On the US Supreme Court ruling on Trump immunity and its impact on human rights


The US high court ruling on the presidential immunity is now being processed and spun as political matter. When partisan fervor settles down, people of all political backgrounds will realize that the ruling has far more serious consequences, especially on human rights issues. 

Those who dismiss the concerns of abuse of power, now made even more possible by this ruling, argue that even a pugnacious president who may want to do harm, will not be able to do so because they will not find someone to carry out their order or justify it legally. That is wishful thinking.

Most human rights scholars, with concern for vulnerable persons, have always thought of absolute and qualified immunity as shields that protect the powerful when they abuse their power. Now, these powerful persons will be able to do more harm knowing that there is a court precedent that will protect them. 

Those skeptical should only consider how violation of law cannot only happen, but lawyers will be able to argue, now successfully, that presidents can do whatever they want, including torturing children. Here is a flash back from before the US Supreme Court ruling for perspective: 

DOJ lawyer, John Yoo, Says President Bush Can Legally TortureChildren


Background: what are Absolute and Qualified Immunity

Within the legal system, a shield exists to protect certain government officials from lawsuits arising from their actions. This shield comes in two forms: absolute immunity and qualified immunity. While both offer protection, they differ significantly in scope and application. Understanding these distinctions is crucial for navigating the complexities of holding government actors accountable.

Absolute immunity grants complete protection from lawsuits, regardless of the official's conduct. It applies to a select group, primarily judges, legislators, and prosecutors, engaged in core governmental functions. The rationale behind absolute immunity is to ensure these officials can perform their duties freely, without fear of litigation hindering the judicial, legislative, or prosecutorial process. For instance, a judge should be able to issue rulings without worrying about lawsuits questioning the judgment.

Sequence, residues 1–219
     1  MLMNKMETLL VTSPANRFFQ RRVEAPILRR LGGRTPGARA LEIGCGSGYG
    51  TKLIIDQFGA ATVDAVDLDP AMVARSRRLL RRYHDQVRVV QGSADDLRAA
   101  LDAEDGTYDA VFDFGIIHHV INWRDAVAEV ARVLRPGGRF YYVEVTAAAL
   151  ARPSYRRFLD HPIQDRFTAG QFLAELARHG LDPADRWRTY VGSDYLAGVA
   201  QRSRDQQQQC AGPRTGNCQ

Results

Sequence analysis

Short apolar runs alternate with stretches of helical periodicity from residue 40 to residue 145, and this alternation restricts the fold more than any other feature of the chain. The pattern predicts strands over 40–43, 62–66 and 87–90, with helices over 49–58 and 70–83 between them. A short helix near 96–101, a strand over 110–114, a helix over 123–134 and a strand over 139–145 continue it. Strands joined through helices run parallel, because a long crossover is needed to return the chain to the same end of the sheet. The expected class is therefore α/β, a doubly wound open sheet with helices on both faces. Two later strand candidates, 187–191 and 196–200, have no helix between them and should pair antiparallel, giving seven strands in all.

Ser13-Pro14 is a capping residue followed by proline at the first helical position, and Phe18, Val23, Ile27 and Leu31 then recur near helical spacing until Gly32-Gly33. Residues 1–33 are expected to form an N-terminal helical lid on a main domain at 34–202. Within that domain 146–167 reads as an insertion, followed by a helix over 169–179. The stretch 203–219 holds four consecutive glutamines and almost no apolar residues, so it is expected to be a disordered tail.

On the other hand, qualified immunity offers a conditional shield. It protects government officials, most commonly law enforcement officers, from lawsuits for violating someone's rights, but only if their actions did not violate "clearly established law." Here, the key lies in the ambiguity of "clearly established law." Courts determine whether a right was clearly established by examining past court rulings on similar situations. If the law at the time of the incident was unclear on a specific issue, the official may be shielded from liability, even if their actions seem unreasonable in hindsight.


The distinction between these two immunities is crucial. Absolute immunity offers a nearly impenetrable barrier, effectively shutting down lawsuits altogether. Qualified immunity, however, allows lawsuits to proceed if the plaintiff can demonstrate that the official violated a clearly established right. This distinction reflects a balancing act between protecting officials from frivolous lawsuits and holding them accountable for misconduct.

The concept of qualified immunity has been a subject of intense debate. Critics argue that it creates a de facto shield for law enforcement, making it difficult to hold them accountable for rights violations. Proponents counter that qualified immunity is necessary to protect officers from being sued for making split-second decisions in difficult situations.

Absolute and qualified immunity serve distinct purposes within the legal system. Absolute immunity, now strengthened by Court ruling, can open the door for more abuse of power.


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